Either way, the narrator feels betrayed by Terry, and the relationship is no more.

Blame it on the lies that killed us, blame it on the truth that ran us down
You can blame it all on me, Terry, it don’t matter to me now
When the breakdown hit at midnight, there was nothing left to say
But I hated him, and I hated you when you went away

All that’s left now is the pathetic reminiscing about better times, another theme Springsteen would return to again and again, most notably on 1984’s Glory Days.

Remember all the movies, Terry, we’d go and see?
Trying to learn how to walk like the heroes we thought we had to be

Thus ends the first side of the album on a sad, lonely note. This would also be the pattern on side two, beginning with an optimistic song about a bright future, and ending in despair with an epic, emotional reality.

The second side of Born To Run begins aplomb with the title track. The first taster of the album, it pointed to Springsteen pushing his own boundaries like never before. It’s epic, yet concise. A song that was so important to The Boss that he laboured over it for an interminable length of time, perfecting each individual aspect. He put strings on, took them off, added horns, removed them, re-added some strings, but not others, and recorded no fewer than eleven guitar tracks to get the sound he wanted. Rock critic Robert Christau went as far as to say that the Wall of Sound technique was “the fulfilment of everything [Phil Spector/The Ronettes’] Be My Baby was about and lots more”.

The album’s final track is Jungleland. Like Backstreets, a cry of despair, betrayal and defeat. In Wings For Wheels, a documentary on the making of the album produced ten years ago, Springsteen suggested that every single one of the stories told on the record could be happening in a single night. Nowhere is that more apparent than on Jungleland.

We begin with a character known only as the Magic Rat, who drives over the state line to meet his girl. “Together they take a stab at romance and disappear down Flamingo Lane”. As they do, we sweep across the city, we meet the street kids and the gangs as “there’s an opera out on the turnpike, there’s a ballet being fought out in the alley

Eventually whatever the Magic Rat and his girl were up to catches up with them, and the Rat is shot dead. Out in the streets, nobody even flinches. Clearly, this is such a common occurrence that one more on the death toll isn’t going to cause any ripples.

The real centrepiece of the song, though, is a saxophone solo from Clemons that became his showpiece on stage, the signature moment of his entire career. A solo so great, that it becomes one of those rare musical moments that is wholly life-affirming and makes you believe everything is going to be OK.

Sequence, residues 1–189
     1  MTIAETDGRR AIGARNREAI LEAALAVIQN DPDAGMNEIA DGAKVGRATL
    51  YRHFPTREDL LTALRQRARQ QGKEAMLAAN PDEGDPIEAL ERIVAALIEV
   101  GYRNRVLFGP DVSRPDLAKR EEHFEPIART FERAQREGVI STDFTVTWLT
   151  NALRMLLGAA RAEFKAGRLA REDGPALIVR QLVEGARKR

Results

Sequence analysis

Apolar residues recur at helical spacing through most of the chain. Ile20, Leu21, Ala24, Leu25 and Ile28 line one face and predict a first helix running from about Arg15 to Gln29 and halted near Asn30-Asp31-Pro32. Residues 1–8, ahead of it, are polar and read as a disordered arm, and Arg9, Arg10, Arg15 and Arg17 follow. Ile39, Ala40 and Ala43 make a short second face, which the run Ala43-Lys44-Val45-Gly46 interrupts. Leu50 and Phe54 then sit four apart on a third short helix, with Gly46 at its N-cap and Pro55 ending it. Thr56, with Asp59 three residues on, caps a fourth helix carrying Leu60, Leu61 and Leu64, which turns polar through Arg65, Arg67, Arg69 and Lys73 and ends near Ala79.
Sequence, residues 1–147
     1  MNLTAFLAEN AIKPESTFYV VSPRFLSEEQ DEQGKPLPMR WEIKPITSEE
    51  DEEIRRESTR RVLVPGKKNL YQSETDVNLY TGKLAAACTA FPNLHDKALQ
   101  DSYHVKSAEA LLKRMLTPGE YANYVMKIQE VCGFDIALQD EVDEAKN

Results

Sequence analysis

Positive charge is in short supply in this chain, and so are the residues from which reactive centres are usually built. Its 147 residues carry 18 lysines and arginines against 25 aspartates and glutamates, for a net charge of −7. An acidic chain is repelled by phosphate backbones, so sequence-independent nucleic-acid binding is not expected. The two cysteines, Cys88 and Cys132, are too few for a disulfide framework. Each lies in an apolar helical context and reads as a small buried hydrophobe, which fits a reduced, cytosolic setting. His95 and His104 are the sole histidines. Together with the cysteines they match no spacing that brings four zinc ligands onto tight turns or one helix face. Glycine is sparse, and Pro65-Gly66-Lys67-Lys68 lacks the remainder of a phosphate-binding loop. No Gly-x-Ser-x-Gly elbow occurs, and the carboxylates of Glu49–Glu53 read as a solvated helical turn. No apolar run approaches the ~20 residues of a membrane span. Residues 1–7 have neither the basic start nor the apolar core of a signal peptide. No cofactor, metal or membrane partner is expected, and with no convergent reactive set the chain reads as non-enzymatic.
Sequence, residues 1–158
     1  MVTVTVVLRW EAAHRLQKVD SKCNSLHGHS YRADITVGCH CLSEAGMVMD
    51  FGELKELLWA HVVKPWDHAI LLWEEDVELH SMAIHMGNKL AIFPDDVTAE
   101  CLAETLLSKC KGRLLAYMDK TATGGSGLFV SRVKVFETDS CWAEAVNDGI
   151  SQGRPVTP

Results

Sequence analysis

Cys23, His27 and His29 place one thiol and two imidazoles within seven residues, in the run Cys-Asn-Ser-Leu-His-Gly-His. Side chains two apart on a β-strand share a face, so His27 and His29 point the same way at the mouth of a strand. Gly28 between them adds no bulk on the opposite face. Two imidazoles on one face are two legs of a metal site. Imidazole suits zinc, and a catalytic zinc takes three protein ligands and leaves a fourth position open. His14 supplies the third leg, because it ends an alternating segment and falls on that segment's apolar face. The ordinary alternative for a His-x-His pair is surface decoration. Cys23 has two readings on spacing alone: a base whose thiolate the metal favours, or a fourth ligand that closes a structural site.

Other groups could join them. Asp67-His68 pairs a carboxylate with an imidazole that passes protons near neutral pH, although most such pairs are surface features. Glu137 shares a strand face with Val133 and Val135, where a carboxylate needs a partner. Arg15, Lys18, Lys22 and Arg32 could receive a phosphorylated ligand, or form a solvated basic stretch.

Which makes the way it was recorded and mixed all the more intriguing. Springsteen demanded so many takes that they were unable to choose just one. They ended up literally piecing it together, with everyone’s hands on faders, pretty much “live” in the studio. As incredible as that solo sounds, it was never played the way you hear it in the studio.

Which was pretty typical of Springsteen. He was labelled a perfectionist around this time, and the making of Born To Run makes a pretty good case for it. Recording began in May 1974 and ended in July 1975, mere weeks before the album’s August release date. Mixing was finished the morning the band set off for the delayed album’s supporting tour.

Springsteen & the mid-70s E Street Band

Springsteen & the mid-70s E Street Band

When the final LP was given to Springsteen, he listened intently. Then he ripped it off the player and threw it away and said he wasn’t releasing it. He told his people that he was through, and any ideas you might have will be for the next record.

In retrospect, it seems he could have just been exhausted by it. Fourteen months working on anything, and you’re never going to want to see or hear the bloody thing again. It didn’t take much for him to relent. A couple of days later someone told him it sounded good, and he said “OK, release it then”.

The road began as a release for Bruce and the band. Save for a quick bout to break in new recruits drummer Max Weinberg and the aforementioned Roy Bittan, they were finally out of the studio, and able to blow off some much needed steam. However, despite the strength of the shows, it wasn’t long before things would go downhill.

It began with Columbia Records and what Joni Mitchell referred to as the “starmaker machinery behind the popular song”. The label’s hype machine often infuriated Springsteen. When he became the first person to simultaneously appear on the covers of both Time and Newsweek magazines, he exclaimed; “I don’t understand what all the commotion is about…I feel like I’m on the outside of all of this, even though I’m on the inside. It’s like you want attention, but sometimes you can’t relate to it.

Famously, during his first trip to the UK that November, Bruce personally walked up and down the aisles of the then-Hammersmith Odeon, removing posters and flyers that read “Finally London is ready for Bruce Springsteen & The E Street Band”. He didn’t want that weight of expectation, and it seems that he was right. Monty Python’s Michael Palin was in the audience that night, and he wrote that the hype meant that much of the audience came to the show with a fair amount of skepticism, and a review of the album on BBC Two’s Old Grey Whistle Test also called out Columbia for the publicity campaign.

Then came the lawsuit.

Springsteen was barred from recording his next album due to a lawsuit brought on by now-former manager Mike Appel. With his Born To Run royalties also withheld until the case was resolved, Springsteen was forced to live on the road as his only source of income until the two parties finally reached a settlement in 1977. When he was finally able to record the follow-up to Born To Run, long after the commercial momentum of the LP had subsided, he came up with Darkness on the Edge of Town. What happens when these kids in Born To Run do manage get out of town? Nothing. It’s the same old shit with a different zip code. That is Darkness…, following the brash optimism of much of Born To Run, it is a wake-up to reality. One that couldn’t have existed without it’s predecessor.

Springsteen wouldn’t reach his commercial zenith for another nine years, when Born in the USA catapulted him to superstar status. But Born To Run is arguably the album by which his legacy is measured. Perhaps it is in the larger context of his work that its brilliance is most evident. It’s the moment he truly becomes Bruce Springsteen, the embodiment of the classic American rock & roll hero. In 1975, he had the balance of naivety and sophistication that an artist can only capture for a fleeting moment.